1a.Objectives (from AD-416)
The objective of this cooperative research project is to determine the effects of ethylene on growth, water use efficiency and yield of corn grown under different levels of irrigation and water deficit.
1b.Approach (from AD-416)
The availability of water for irrigated agriculture is decreasing as population growth continues in the western U.S. and water is being diverted from farms to urban communities. The Water Management Research Unit of USDA-ARS is beginning a multi-year research project on the effects of limiting irrigation on growth and yield of corn, sunflower, dry beans and wheat. One component that may limit yield in these crops is the response of plants to endogenous ethylene that is produced by a plant under water stress. If the plant’s perception to ethylene is reduced at critical times in the growth cycle, it possible that yield could be protected under water stress conditions. 1-methyl-cyclopropene (1-MCP) is a chemical that can lower a plant’s response to endogenous levels of ethylene by competitively binding at the ethylene receptor sites. Many fruits are currently treated with 1-MCP to reduce the perception of ethylene and thereby prolong their quality during storage. The approach in the proposed research is to treat corn plants grown under different levels of irrigation with 1-MCP at a vegetative and early reproduction stage to determine if lowering the plant’s response to ethylene will result in increased yield with limited water. Plants will be treated with 1-MCP at the V5 to V12 and VT to R2 growth stage and measurements taken on plant growth, transpiration, senescence, and yield. In addition, research will be conducted in the greenhouse to determine the physiological response of corn and other crops to 1-MCP and exogenously applied ethylene. The results from this research will help us determine the role of ethylene in corn’s response to water stress and could provide a tool for farmers to protect yield under limited water conditions.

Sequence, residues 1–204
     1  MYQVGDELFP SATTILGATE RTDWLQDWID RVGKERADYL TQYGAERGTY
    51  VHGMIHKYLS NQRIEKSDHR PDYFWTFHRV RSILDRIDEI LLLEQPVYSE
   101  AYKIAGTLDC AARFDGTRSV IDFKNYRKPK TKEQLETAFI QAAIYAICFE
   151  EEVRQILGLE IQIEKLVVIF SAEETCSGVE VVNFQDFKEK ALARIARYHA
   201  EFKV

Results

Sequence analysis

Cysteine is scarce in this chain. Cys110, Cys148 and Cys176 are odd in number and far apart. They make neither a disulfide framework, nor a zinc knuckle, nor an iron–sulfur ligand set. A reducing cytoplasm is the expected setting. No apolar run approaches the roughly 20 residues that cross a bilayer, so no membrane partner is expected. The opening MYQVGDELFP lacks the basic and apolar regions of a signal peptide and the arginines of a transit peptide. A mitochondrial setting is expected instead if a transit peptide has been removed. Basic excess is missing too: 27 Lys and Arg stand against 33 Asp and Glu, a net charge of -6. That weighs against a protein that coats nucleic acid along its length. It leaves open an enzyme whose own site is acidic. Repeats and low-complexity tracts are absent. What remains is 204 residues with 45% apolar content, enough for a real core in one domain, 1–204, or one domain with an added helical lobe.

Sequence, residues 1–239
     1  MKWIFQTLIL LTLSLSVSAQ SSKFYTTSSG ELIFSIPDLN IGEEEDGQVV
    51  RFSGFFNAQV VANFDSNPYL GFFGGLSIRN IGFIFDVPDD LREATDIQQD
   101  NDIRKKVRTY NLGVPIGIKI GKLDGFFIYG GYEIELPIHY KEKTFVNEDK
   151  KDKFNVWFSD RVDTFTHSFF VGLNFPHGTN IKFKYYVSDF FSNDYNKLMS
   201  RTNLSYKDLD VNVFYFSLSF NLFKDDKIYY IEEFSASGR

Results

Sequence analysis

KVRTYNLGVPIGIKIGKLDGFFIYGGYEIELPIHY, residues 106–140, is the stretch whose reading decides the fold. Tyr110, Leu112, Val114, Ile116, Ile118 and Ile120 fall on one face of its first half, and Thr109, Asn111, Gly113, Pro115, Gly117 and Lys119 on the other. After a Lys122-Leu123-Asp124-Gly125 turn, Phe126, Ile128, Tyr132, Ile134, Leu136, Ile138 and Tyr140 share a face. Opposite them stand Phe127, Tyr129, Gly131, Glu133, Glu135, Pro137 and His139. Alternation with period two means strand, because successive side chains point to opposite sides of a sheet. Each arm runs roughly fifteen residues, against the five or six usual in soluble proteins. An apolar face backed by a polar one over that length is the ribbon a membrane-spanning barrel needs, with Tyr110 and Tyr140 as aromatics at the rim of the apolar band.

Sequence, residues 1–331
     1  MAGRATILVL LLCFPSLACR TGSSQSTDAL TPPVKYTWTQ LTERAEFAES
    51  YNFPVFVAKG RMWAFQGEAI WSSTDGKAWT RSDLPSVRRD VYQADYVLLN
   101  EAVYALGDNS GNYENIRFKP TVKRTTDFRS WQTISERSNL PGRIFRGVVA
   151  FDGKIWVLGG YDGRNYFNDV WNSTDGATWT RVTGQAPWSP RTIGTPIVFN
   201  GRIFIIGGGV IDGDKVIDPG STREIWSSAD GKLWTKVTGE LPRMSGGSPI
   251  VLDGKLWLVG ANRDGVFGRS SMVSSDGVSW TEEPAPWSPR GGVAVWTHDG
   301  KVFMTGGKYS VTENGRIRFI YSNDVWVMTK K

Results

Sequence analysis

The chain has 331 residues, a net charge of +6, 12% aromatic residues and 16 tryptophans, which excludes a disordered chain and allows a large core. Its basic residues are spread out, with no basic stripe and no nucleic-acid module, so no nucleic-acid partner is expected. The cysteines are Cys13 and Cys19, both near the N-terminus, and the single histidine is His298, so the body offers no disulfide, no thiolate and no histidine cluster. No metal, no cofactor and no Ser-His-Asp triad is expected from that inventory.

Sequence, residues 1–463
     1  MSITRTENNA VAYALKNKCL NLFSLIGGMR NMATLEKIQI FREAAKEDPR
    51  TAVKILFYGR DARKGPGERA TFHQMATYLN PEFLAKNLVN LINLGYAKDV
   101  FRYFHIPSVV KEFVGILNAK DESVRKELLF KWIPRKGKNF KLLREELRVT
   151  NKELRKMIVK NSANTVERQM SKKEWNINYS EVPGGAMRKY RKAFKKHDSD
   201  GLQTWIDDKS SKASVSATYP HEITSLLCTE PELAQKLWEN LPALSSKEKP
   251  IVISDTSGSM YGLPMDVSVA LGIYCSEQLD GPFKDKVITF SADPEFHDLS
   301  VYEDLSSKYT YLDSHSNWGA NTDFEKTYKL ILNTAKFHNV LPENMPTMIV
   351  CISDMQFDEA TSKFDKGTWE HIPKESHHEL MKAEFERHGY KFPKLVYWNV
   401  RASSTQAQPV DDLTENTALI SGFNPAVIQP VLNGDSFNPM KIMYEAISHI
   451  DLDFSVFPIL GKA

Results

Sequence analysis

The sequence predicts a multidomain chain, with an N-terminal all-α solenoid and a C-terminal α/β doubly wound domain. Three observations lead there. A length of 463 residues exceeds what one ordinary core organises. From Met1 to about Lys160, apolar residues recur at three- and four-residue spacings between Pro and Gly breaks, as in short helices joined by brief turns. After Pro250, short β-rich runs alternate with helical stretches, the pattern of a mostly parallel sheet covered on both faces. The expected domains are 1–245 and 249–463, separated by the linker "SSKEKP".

A study on the effects of 1-MCP, a plant growth regulator that interferes with a plant’s response to ethylene, on corn grown under three different levels of irrigation continued with a new cooperative agreement between USDA-ARS and Agro fresh. In 2011, we concentrated on measuring multiple physiological parameters along with photosynthesis, transpiration and chlorophyll fluorescence. Greenhouse studies begun in June, 2011 on the interactions between water stress and 1-MCP application in corn and sunflower showed that plants treated with 1-MCP recover more quickly from short term water stress compared to untreated plants. It appears that the leaves of corn treated with 1-MCP do not respond to drought stress as rapidly as untreated plants. The effects of 1-MCP on water use, yield and yield components will be determined. Site visits by cooperators from Agro-Fresh were conducted in 2011 and the results of the 2010 experiments were presented at a workshop on 1-MCP in February, 2011.